Dear Fellow Floridian:
In the 21st century, innovation serves as a catalyst for a diverse,
prosperous and sustainable economy. For many years, Florida has pursued
strategies to foster an environment that encourages growth and investment,
allowing businesses to expand and strengthen our economy. Thanks to these
efforts, Florida is now recognized as a national leader in innovation, most
recently being named the “Most Innovative State in the Nation” by Fast Company
for our thriving network of entrepreneurs and startups. It is in this spirit
Florida’s Bottom Line continues its three-part series
on Innovative Florida, with the second edition highlighting the state’s
aerospace and aviation industry.
Aviation and aerospace touch our lives each day. The technological
innovation spurred by the drive to create the world’s leading aerospace and
aviation systems is responsible for developing tools and technologies that
better connect us to information and the global economy, move us more quickly
and safely, improve our quality of life and allow us to explore our galaxy and
Inside this edition of
Florida’s Bottom Line, you’ll find expert commentary
on Florida’s efforts to create and lead the next generation of innovation in the
aerospace and aviation industry. You will also discover valuable insight from
Embry-Riddle Aeronautical University, which has led the nation in aerospace and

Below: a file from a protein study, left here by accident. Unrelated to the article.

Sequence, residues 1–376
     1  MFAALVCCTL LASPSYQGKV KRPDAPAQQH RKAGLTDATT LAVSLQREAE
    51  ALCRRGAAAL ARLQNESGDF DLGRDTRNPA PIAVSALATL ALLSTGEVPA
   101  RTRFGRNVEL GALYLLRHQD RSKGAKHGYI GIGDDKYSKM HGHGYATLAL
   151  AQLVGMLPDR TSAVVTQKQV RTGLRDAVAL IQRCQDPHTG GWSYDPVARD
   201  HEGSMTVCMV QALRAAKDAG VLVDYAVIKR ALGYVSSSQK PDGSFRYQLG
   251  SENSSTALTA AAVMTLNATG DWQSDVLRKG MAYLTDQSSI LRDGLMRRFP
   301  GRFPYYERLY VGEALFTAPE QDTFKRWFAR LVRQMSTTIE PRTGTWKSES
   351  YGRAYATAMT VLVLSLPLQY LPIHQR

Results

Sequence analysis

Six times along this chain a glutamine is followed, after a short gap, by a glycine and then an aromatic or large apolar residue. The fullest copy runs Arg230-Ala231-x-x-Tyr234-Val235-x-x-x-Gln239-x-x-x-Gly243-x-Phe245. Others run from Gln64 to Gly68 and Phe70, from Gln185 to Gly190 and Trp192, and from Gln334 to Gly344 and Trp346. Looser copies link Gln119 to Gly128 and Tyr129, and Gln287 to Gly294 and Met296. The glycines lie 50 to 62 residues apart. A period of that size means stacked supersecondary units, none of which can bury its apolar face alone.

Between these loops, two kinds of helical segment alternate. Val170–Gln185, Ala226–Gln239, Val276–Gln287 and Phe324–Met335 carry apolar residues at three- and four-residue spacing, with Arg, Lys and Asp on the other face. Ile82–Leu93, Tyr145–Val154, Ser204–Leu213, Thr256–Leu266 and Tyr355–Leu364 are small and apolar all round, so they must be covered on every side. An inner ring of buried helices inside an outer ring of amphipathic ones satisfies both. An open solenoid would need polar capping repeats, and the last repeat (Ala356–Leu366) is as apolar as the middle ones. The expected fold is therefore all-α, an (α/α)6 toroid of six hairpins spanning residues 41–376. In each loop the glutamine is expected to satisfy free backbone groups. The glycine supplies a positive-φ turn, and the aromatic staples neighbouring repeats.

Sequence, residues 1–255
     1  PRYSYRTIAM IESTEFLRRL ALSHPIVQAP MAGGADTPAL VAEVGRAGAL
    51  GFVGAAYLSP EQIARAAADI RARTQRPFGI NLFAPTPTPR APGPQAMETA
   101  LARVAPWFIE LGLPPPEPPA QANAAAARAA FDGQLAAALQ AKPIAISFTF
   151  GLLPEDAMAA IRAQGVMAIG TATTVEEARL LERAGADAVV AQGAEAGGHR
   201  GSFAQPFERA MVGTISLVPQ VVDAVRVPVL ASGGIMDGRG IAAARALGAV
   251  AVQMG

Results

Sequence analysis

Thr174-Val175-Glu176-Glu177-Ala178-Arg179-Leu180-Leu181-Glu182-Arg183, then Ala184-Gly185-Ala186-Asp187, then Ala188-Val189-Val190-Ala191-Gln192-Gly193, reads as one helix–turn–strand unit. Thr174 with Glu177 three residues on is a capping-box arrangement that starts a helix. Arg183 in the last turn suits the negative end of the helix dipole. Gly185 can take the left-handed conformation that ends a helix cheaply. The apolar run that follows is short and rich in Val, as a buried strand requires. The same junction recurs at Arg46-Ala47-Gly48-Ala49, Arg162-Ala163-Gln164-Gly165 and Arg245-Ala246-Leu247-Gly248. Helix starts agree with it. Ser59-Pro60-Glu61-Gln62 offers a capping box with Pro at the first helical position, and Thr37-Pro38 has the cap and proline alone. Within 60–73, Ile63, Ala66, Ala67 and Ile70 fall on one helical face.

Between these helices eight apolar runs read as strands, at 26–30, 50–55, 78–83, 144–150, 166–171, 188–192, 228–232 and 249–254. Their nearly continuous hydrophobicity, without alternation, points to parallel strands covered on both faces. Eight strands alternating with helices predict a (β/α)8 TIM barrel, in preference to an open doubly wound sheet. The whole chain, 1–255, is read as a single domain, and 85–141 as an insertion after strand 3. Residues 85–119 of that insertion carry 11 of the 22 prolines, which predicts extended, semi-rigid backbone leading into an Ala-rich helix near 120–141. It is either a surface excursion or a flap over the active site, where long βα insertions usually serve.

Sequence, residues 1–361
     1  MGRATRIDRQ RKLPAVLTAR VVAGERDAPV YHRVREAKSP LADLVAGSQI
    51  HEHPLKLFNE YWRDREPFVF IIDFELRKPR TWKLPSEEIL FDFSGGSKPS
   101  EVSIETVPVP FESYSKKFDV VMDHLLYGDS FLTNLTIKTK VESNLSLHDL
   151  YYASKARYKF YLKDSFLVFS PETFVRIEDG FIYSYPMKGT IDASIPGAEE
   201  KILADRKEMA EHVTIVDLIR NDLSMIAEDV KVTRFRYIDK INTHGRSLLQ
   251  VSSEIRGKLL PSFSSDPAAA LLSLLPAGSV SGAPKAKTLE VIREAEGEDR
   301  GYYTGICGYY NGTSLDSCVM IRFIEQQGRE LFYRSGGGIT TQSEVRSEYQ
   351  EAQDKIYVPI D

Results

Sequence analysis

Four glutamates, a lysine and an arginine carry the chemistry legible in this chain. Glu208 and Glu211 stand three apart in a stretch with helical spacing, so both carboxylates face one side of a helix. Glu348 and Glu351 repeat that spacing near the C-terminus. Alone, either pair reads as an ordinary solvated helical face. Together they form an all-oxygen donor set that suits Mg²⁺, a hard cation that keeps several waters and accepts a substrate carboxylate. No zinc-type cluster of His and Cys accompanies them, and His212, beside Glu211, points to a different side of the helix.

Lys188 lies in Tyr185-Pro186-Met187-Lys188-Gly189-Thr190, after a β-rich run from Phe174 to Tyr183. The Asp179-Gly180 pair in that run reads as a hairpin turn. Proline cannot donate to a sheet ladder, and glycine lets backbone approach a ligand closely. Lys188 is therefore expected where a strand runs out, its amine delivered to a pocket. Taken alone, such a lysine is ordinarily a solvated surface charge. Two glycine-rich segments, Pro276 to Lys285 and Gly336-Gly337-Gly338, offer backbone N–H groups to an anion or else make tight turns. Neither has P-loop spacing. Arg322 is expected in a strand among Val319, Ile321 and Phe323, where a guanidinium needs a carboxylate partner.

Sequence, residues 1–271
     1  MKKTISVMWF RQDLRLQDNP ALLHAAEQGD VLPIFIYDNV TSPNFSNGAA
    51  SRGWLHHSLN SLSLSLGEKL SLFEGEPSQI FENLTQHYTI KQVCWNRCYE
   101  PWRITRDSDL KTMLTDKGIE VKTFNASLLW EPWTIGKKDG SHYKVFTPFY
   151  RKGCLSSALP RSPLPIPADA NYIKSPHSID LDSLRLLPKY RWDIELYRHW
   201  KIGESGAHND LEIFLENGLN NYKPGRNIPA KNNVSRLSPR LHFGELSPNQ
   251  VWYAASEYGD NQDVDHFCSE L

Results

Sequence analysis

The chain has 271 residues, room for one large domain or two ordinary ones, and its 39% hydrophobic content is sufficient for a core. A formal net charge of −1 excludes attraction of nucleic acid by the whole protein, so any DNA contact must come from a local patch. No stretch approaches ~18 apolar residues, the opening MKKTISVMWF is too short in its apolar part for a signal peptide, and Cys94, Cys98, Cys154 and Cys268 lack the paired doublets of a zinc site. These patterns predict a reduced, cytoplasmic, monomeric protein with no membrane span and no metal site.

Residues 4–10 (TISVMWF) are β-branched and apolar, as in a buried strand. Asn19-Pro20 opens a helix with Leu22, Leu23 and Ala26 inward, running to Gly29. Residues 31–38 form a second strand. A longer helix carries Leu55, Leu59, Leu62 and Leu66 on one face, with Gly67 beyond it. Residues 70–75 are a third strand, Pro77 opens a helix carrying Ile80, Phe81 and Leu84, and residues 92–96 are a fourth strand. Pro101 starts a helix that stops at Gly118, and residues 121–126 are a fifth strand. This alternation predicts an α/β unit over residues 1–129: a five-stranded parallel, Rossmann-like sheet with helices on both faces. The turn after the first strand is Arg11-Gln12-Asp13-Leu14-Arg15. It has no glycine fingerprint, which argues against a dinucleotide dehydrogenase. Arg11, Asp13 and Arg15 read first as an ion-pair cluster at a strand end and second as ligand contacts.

aviation education for more than a decade.
With a long history of exploration and a strong presence of industry leaders,
military bases, high-tech entrepreneurs and leading research institutes and
universities, Florida is truly home to a wealth of world-class innovation. It is
the collective ingenuity and perseverance of the people of Florida that created
the foundation for our Innovative Florida, and it will be the continued
commitment and creativity of Floridians who will make our state a global leader
for innovation and economic prosperity in the 21st century. I hope this issue of
Florida’s Bottom Line equips you with the resources to
become a part of this mission.
Chief Financial Officer
State of Florida
CFO Atwater Asks for Analysis of Property Insurance Rates
This week, CFO Atwater sent the following
letter to Florida Insurance
Commissioner Kevin McCarty to express his concerns about the cost of property
insurance in Florida and to ask, “Why have rates not come down?”
October 29, 2013
Dear Commissioner McCarty,
As I expressed in our recent meeting, I remain very concerned that
property insurance companies are not passing along the reinsurance cost
savings they are experiencing to Florida homeowners. Therefore, I request
that you analyze Florida’s insurance companies to ensure they are treating
Year after year, insurance companies have been telling their
customers and the Legislature that the “simple” explanation for the higher
rates they are charging was due to reinsurance costs going up. Furthermore,
they made representations that if reinsurance rates were to fall they would
pass those savings along to their customers. But now that insurance
companies are experiencing a significant decrease in the cost of their
reinsurance, they are not lowering rates for consumers.
I am well aware of the need for insurers to carry adequate
reinsurance and that the Florida Statutes allow insurers to purchase enough
reinsurance to cover a 1 in 250 year storm. You have told me, however, that